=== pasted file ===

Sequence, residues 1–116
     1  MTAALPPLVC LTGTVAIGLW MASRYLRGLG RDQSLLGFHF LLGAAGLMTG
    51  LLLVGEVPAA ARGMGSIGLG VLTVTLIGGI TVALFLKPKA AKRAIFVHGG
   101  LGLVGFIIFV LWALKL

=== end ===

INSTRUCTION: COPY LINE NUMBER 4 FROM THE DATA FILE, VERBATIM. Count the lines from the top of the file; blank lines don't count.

   101  LGLVGFIIFV LWALKL